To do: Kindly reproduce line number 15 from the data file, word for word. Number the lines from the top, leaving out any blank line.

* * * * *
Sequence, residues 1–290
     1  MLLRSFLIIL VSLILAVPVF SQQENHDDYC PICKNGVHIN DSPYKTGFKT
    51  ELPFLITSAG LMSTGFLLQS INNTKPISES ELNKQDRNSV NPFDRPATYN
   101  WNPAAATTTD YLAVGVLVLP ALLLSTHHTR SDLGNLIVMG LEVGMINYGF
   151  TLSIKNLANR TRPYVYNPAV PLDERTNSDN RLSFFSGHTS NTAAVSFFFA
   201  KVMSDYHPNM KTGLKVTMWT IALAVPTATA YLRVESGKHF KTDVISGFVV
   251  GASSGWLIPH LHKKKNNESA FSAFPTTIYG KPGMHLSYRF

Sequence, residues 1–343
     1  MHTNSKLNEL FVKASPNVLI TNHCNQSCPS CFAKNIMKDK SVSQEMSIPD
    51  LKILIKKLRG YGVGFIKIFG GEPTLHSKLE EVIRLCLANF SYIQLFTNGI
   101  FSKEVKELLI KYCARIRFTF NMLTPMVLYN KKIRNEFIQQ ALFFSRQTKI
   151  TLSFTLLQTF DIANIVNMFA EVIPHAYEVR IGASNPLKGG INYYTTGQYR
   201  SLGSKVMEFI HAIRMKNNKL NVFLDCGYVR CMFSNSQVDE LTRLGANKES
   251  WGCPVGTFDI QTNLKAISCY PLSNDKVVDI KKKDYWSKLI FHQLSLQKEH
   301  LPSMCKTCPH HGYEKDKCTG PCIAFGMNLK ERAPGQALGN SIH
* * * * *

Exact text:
   301  LPSMCKTCPH HGYEKDKCTG PCIAFGMNLK ERAPGQALGN SIH